Pharmaceutical company Pfizer Inc’s COVID-19 vaccine could start being administered in Mexico in mid-December if it is approved by the country’s health regulator, Mexico’s foreign minister announced
Pfizer was scheduled to submit details on the vaccine’s use to regulator Cofepris on Tuesday and Wednesday, allowing the regulator to begin its analysis in line with its U.S. counterparts, Foreign Minister Marcelo Ebrard told a regular news conference.
“Pfizer - if Cofepris approves - will reach Mexico in December of this year,” Ebrard added on Twitter.
Pfizer last week applied to the U.S. Food and Drug Administration (FDA) for emergency use authorization of its COVID-19 vaccine. The FDA will discuss the emergency use authorization on Dec. 10.
Once the vaccine is approved in Mexico, Ebrard said it would take about five days for a shipment to arrive in Mexico from laboratories in either the United States or Europe.
“It’s good news for Mexico. We’re going to start just with a short gap behind the United States and Germany,” Ebrard told the news conference. Mexico has pre-ordered several different vaccines, both through the WHO-backed COVAX program and bilaterally.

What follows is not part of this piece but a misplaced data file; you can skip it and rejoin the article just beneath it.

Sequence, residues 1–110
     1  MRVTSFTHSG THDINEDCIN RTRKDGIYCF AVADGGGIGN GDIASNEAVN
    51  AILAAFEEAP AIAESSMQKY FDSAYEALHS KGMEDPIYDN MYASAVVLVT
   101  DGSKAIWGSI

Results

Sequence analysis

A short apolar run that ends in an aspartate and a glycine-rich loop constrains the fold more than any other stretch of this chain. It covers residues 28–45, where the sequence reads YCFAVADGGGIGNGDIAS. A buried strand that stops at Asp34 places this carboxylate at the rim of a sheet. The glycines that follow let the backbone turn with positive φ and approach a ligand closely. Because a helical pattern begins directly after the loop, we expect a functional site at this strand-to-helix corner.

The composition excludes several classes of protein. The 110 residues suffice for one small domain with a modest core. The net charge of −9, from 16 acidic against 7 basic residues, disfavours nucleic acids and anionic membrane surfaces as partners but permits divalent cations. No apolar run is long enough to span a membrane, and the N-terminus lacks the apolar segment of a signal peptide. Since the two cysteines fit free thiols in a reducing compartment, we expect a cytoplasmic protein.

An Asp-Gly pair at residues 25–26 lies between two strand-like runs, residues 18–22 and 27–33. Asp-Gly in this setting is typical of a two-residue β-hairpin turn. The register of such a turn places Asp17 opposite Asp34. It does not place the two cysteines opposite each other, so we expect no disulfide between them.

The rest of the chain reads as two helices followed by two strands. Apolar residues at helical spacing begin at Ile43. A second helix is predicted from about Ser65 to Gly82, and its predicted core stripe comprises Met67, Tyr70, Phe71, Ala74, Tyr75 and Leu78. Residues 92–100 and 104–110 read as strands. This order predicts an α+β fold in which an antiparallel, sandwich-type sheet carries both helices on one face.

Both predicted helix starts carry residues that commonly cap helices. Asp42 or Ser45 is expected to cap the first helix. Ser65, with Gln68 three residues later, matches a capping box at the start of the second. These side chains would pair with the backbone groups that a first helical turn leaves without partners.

While Pfizer may be the first to get approval, AstraZeneca’s offering could end up being more widely distributed since it will be partly made in Mexico and does not require such cold storage. “The logistics of distribution will be more simple relatively,” Ebrard said.
Mexico is also conducting large-scale Phase 3 trials at 19 test centers for the Chinese CanSino Biologics Inc candidate, and expects to start similar trials for Johnson & Johnson’s Janssen unit once the first doses arrive this week and Cofepris authorizes the trial, Ebrard said.
The regulator is studying a request by U.S. laboratory Novavax Inc to conduct late stage trials in Mexico, and Germany’s CureVac NV is studying the possibility of Mexican trials, he said.